Sunday, October 02, 2011

Mount Elbert

After completing Mount Bierstadt, I began the journey westward to Mount Elbert. I stopped in Vail for a quick lunch, then jumped back onto I-70, headed south on highway 24 across Tennessee Pass, drove through Leadville, and then turned onto dusty Halfmoon Road. I arrived at the north Mount Elbert trailhead by 4pm...having a few hours to kill before sunset, I relaxed in the back of my truck and read Lord of the Rings (a classic that is long overdue on my list of books to read). Twilight finally arrived, and I settled into my sleeping bag, once again gazing upwards at millions of stars. I woke up about an hour before sunrise. The air temperature was colder than the night before, and because my sleeping bag is very effective in transporting moisture away from the interior of the bag, the outside of the bag was coated in a glaze of frost. The cold morning air motivated me to quickly get ready for the hike, and 20 minutes later, I was heading up the trail.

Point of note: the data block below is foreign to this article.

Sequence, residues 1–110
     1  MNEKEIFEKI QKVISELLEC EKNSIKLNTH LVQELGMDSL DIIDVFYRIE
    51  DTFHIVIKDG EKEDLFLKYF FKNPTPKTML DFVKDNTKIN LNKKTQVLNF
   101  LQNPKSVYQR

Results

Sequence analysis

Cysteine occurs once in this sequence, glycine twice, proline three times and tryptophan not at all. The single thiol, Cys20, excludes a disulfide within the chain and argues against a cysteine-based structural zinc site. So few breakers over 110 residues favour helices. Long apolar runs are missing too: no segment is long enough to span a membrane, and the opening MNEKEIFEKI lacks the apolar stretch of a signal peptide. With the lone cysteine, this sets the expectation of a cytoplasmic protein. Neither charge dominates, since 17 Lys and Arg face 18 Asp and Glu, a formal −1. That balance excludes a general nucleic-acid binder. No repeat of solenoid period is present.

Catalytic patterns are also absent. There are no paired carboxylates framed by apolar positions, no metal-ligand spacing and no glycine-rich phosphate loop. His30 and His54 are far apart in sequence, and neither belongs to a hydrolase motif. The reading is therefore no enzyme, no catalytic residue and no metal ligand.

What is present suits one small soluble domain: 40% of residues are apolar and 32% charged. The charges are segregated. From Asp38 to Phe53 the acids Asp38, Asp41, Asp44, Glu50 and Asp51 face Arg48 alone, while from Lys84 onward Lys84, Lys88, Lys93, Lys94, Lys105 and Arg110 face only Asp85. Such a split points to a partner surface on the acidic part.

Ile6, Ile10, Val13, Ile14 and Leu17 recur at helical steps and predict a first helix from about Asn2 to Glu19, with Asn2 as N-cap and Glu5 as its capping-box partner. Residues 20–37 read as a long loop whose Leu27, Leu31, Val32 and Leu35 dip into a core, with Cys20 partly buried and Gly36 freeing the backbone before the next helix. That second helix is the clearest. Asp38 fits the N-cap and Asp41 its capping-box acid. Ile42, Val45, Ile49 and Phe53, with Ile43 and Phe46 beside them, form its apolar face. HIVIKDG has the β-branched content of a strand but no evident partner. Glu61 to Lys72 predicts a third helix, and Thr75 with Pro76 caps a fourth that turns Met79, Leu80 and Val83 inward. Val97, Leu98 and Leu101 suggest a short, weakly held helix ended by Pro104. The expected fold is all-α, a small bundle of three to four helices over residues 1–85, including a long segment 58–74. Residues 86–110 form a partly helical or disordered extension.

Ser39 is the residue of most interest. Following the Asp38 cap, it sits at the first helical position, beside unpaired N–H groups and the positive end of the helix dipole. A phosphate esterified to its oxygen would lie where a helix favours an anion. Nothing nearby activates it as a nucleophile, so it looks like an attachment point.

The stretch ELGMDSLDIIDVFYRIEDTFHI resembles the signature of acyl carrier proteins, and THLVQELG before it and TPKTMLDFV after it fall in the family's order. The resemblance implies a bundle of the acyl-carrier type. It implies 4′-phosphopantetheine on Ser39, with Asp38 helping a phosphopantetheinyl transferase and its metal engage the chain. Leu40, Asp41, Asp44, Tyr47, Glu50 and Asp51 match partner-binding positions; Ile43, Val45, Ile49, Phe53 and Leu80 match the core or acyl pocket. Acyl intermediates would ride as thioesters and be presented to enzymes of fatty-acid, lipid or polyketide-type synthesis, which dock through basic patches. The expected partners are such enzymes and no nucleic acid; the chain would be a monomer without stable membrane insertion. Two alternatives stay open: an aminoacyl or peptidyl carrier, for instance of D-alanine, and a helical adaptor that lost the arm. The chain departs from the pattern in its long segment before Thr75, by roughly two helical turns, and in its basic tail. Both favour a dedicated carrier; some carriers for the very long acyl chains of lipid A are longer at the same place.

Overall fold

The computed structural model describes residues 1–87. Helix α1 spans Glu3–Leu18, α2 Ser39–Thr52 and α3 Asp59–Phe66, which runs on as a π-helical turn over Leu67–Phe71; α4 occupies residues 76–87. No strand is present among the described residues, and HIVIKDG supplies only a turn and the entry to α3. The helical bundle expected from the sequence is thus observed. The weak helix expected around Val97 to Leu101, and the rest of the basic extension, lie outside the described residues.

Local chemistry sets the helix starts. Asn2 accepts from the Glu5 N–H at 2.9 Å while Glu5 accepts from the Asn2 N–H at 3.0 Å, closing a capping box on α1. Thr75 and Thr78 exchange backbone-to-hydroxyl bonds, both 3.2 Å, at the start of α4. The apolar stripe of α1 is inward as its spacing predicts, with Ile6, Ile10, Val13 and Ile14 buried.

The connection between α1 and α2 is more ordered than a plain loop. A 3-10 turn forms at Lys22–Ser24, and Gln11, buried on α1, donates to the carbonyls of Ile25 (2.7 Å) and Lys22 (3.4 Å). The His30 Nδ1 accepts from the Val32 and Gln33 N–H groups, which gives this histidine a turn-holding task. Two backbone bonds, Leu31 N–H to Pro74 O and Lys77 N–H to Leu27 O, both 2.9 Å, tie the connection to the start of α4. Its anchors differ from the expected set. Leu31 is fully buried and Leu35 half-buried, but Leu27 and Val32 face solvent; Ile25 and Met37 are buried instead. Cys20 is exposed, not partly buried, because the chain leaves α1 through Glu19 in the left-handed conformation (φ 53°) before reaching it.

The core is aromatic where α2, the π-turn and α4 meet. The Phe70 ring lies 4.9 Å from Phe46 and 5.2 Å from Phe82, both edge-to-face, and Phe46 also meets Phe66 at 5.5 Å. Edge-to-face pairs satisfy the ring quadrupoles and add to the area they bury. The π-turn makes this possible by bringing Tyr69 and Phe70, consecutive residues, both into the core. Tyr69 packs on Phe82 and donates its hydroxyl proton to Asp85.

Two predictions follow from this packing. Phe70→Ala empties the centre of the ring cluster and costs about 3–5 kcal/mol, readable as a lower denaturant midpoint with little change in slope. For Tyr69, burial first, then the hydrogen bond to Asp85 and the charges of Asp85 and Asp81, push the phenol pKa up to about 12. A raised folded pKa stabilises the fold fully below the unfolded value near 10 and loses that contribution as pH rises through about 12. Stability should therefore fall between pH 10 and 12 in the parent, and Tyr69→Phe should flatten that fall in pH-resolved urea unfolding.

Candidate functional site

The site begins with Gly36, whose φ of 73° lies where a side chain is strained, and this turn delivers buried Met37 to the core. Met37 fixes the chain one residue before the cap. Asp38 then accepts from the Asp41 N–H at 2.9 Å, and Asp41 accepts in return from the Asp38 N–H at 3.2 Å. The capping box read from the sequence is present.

The initial part of this hike follows the Colorado Trail up to a ridge crest. The trail then splits, with the Colorado Trail heading south-eastward, and the North Elbert Trail heading south-westward. Above treeline, the North Elbert Trail turned out to be a non-technical, but seemingly never-ending upward journey. Viewing the terrain from below, it appeared that the summit was over the next "bump," but actually turned out to be a series of false summits. One short section, false summit #1, required a bit of class 2 "climbing" up a steep snow covered slope. There was no danger of a long fall, but a slip on the ice/snow covered slope would have been extra caution was required. Near the top of Elbert, another large snow field was encountered, followed by a walk along a ridge line to the true summit. After a little over 4 hours, 4700' of elevation gain, and 4.5 miles of hiking, I reached the highest point in Colorado. I estimated around 20 people sitting at the top, all quietly taking in the view and refueling for the trip back down. Similar to previous peaks, I found the descent to be more painful on the ankles and feet compared to the ascent. In addition, in order to cut down on weight in my backpack, I only brought one liter of liquid with me. I finished this before reaching the halfway point down the mountain...needless to say, I was dreaming of my big jug of Gatorade for quite a while.

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